Thomas Foken, Wolfgang Babel, and Christoph Thomas
Atmos. Meas. Tech., 12, 971–976,Short summary
Recently reported trends of carbon dioxide uptake pose the question of whether trends may be the result of the limited digitalization of gas analysers and sonic anemometers used in the 1990s. Modifying a 12 bit digitalization and the instrument error reported for the R2 and R3 sonic anemometers found elsewhere, the influence of these deficits in comparison to the now commonly used 16 bit digitalization were quantified. Both issues have an effect only on trace gas fluxes of small magnitude.
Carl Malings, Rebecca Tanzer, Aliaksei Hauryliuk, Sriniwasa P. N. Kumar, Naomi Zimmerman, Levent B. Kara, Albert A. Presto, and R. Subramanian
Atmos. Meas. Tech., 12, 903–920,Short summary
This paper compares several methods for calibrating data from low-cost air quality monitors to reflect the concentrations of various gaseous pollutants in the atmosphere, identifying the best-performing approaches. With these calibration methods, such monitors can be used to gather information on air quality at a higher spatial resolution than is possible using traditional technologies and can be deployed to areas (e.g. developing countries) where there are no existing monitor networks.
Ying Zhu, Ka Lok Chan, Yun Fat Lam, Martin Horbanski, Denis Pöhler, Johannes Boll, Ivo Lipkowitsch, Sheng Ye, and Mark Wenig
Atmos. Meas. Tech., 11, 6719–6734,Short summary
The paper presents an investigation of spatio-temporal variability of street-level NO2 in Hong Kong using mobile cavity-enhanced differential optical absorption spectroscopy (DOAS) and long-path DOAS. Measurements were conducted in December 2010 and March 2017. A significant decreasing trend in on-road NO2 was found by comparing measurements taken in 2010 and 2017. Influences of changes in bus companies' operation strategies can also be observed from the measured NO2 concentration maps.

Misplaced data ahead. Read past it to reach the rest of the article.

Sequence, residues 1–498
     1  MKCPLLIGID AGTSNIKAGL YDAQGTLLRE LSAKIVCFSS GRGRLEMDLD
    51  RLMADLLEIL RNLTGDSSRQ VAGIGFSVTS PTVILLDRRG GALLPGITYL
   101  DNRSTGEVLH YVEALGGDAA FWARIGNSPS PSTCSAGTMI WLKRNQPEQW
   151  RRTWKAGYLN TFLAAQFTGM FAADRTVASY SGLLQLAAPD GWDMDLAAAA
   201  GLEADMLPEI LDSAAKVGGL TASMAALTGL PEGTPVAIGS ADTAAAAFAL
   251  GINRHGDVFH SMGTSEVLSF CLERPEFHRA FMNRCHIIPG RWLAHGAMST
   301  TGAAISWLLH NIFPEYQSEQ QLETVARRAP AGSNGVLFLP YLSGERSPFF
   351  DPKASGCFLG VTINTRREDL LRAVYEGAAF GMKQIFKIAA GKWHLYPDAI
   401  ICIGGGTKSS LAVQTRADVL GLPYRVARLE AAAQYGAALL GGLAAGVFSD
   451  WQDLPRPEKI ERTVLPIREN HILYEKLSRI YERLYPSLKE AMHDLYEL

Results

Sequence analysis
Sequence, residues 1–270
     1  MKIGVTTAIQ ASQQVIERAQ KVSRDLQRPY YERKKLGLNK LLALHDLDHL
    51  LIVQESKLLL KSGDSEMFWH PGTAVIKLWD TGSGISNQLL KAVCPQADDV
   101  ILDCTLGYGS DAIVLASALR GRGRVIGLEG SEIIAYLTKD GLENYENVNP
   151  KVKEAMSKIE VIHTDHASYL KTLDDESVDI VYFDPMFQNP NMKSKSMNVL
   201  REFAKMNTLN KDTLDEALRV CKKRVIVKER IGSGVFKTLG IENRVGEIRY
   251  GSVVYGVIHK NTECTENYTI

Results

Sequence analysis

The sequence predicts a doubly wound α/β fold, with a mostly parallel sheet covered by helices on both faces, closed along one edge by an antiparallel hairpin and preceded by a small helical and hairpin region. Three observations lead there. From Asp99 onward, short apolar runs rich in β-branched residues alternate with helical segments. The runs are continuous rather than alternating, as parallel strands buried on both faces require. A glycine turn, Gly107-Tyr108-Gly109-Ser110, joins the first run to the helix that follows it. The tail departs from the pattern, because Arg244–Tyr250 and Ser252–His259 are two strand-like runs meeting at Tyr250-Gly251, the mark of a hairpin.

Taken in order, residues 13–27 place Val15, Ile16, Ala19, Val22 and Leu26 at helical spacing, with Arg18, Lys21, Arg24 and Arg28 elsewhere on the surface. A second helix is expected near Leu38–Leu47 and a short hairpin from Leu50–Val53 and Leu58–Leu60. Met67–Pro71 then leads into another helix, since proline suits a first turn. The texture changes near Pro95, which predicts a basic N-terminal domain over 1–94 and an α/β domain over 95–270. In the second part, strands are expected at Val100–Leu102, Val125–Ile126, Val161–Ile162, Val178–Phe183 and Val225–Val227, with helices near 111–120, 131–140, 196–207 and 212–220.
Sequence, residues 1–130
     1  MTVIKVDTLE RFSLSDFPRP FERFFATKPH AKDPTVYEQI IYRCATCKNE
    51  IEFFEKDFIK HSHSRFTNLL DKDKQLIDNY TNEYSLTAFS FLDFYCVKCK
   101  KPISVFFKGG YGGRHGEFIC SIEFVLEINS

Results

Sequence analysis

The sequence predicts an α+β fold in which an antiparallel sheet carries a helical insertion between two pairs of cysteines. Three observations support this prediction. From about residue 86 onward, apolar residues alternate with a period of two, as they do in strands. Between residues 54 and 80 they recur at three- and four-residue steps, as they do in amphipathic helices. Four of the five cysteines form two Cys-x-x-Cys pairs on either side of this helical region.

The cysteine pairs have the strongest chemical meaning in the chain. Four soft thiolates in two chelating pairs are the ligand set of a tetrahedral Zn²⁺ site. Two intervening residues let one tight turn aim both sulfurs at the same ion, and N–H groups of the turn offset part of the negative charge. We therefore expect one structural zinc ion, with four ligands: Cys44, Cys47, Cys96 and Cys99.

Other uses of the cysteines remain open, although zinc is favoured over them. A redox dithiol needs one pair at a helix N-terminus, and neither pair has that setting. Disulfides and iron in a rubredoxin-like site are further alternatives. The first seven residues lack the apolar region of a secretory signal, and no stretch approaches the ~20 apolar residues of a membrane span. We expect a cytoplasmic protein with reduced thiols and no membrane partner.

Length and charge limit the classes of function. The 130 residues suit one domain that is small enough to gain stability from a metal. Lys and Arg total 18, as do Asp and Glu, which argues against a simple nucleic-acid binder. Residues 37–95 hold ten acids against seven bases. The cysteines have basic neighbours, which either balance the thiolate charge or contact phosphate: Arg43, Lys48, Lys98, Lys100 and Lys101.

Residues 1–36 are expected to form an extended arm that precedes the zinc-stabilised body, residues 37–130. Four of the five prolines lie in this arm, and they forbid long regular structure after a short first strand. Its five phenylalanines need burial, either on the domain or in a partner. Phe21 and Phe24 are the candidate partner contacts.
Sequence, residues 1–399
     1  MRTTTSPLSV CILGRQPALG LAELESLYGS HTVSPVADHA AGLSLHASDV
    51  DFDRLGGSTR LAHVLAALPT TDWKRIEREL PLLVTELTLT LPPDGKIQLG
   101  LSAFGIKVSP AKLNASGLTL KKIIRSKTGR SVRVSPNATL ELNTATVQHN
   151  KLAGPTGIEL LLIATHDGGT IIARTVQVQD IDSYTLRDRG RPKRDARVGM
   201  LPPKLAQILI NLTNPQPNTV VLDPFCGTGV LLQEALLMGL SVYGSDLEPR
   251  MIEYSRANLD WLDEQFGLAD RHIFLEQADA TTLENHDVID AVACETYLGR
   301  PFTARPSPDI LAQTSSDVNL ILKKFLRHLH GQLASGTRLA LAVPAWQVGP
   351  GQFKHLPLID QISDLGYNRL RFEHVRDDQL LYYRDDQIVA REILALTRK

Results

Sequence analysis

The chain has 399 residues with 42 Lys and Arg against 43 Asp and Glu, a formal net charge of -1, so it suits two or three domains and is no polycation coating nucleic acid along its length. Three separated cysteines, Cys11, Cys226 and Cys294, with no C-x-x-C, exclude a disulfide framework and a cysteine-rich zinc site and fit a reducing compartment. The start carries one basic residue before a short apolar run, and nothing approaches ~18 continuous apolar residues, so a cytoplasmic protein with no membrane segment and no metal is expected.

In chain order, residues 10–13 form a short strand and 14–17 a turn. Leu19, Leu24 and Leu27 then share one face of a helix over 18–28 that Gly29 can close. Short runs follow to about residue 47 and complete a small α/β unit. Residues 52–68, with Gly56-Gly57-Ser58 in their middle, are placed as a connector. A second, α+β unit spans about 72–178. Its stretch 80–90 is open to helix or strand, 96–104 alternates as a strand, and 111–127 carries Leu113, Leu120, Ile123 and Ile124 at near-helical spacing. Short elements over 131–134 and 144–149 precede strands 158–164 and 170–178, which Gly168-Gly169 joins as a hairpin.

Joanna Gordon Casey and Michael P. Hannigan
Atmos. Meas. Tech., 11, 6351–6378,Short summary
Low-cost sensors have the potential to improve understanding of air quality in complex regions like oil and gas production basins. Regression methods have been used to quantify pollutants from sensor signals, but these methods have not been tested when sensors are moved to new sampling locations, away from model training locations. We use sensor data collected at multiple sites to test how well these field calibration methods perform when they are extended to new locations and times.
David W. T. Griffith
Atmos. Meas. Tech., 11, 6189–6201,Short summary
In recent years optical spectroscopic techniques have become commonly used in the determination of mole fractions of trace gases in air. These techniques in many cases determine the mole fractions of only individual isotopic variants (
isotopologues) of the trace gas, while for many applications the total mole fraction of all isotopologues is required. This paper sets out the measurements and calculations required to convert between individual isotopologue and total trace gas amounts.
Leena Järvi, Üllar Rannik, Tom V. Kokkonen, Mona Kurppa, Ari Karppinen, Rostislav D. Kouznetsov, Pekka Rantala, Timo Vesala, and Curtis R. Wood
Atmos. Meas. Tech., 11, 5421–5438,Short summary